Tired of always picking the slowest checkout line at the supermarket?
Fujitsu is building software for that.
The company has developed code that simulates the checkout lanes of busy retailers. Fujitsu says it can accurately recreate the long lines that form at registers during peak hours, and the software suggests simple tweaks that can easily cut wait times.
One example is what to do with overburdened shoppers.
"When shoppers with a lot of items appear at the center of a row of registers, they become a sort of wall that restricts the movement of other customers, making the total average wait time longer," Fujitsu developer Shohei Yamane told IDG News Service.
"So one thing we could do is advise store employees to steer such shoppers away from central registers."
To model virtual shoppers, Fujitsu uses three different variables for behavior. These include what a shopper can see, the way they figure out the fastest queue to join, and how they maneuver to avoid other shoppers and get in line.
The software also assigns random traits to shoppers, such as the rate at which they appear and how many items they have. The end result is an average checkout time, which is calculated over a series of runs so that different register setups can be compared.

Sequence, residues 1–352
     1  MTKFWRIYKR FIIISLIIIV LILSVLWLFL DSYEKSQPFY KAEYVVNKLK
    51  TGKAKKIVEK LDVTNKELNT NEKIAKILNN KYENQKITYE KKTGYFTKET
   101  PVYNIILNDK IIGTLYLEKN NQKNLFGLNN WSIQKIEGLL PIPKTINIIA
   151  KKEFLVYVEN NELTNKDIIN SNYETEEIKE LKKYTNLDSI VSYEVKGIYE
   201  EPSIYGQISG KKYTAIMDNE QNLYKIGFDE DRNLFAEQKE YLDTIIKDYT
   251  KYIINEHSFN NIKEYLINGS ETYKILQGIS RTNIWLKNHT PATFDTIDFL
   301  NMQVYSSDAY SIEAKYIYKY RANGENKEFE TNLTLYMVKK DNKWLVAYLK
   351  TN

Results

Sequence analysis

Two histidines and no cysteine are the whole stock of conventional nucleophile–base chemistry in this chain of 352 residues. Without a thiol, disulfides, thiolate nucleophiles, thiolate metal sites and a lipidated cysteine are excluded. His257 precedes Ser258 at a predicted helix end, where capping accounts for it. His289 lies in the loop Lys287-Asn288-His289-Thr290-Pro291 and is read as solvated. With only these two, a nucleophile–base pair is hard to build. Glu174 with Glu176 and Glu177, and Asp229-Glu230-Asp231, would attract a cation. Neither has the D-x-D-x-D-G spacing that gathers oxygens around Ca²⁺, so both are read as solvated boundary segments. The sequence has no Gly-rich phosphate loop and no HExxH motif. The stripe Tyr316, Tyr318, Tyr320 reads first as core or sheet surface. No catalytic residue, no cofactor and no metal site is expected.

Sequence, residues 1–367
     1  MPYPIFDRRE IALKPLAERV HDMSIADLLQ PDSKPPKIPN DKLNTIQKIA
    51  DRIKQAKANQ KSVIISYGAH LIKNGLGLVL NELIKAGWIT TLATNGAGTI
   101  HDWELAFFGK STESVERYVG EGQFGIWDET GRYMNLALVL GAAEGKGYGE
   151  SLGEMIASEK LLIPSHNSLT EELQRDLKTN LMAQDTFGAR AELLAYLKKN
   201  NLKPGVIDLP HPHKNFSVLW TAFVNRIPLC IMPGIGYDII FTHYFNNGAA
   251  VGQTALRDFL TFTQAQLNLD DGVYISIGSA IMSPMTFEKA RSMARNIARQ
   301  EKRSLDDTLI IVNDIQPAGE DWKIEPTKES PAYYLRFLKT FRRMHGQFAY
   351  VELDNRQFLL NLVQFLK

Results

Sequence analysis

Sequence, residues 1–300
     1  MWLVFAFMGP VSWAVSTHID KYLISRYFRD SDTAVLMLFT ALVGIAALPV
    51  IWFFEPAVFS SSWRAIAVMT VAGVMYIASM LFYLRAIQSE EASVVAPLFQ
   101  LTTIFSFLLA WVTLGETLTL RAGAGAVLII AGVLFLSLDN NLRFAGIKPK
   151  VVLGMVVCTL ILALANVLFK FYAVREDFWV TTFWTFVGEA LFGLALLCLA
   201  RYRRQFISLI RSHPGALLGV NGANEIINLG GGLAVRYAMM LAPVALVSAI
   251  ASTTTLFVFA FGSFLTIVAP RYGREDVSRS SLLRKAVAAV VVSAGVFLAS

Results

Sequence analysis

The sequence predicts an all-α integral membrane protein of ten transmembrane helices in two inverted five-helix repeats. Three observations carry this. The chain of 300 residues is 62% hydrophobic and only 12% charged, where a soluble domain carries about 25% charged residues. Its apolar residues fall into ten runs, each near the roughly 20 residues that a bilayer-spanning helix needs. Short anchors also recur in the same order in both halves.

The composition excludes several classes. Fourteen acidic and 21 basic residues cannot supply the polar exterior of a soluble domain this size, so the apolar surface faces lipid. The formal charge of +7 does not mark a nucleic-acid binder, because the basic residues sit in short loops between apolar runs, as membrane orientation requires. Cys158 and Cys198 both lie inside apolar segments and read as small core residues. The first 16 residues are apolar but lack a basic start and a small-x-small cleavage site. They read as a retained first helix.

Fujitsu said this approach is more accurate than those currently used to study crowded stores. Most methods try to calculate wait times based on the simple number of shoppers and registers, assuming shoppers will naturally flow to the shortest lines at a store.
Yamane said Fujitsu has been developing the software for about six months, and has run thousands of simulations during testing.
"One thing that we found surprising was that the way in which closing certain registers affects the flow of shoppers," he said.
"We thought it would be best to simply open registers nearest customers, but there's a possibility that it's better not to close registers that are adjacent to each other."
The algorithms behind the software, which Fujitsu calls "scenario analysis," can also be applied to other areas. Yamane said one potential use is call centers, where the communication techniques of individual workers would need to be simulated to get an accurate model.
Fujitsu will test the software in businesses like supermarkets next year. It plans to eventually offer the analysis as part of its cash register business, which is run by subsidiary Fujitsu Frontech.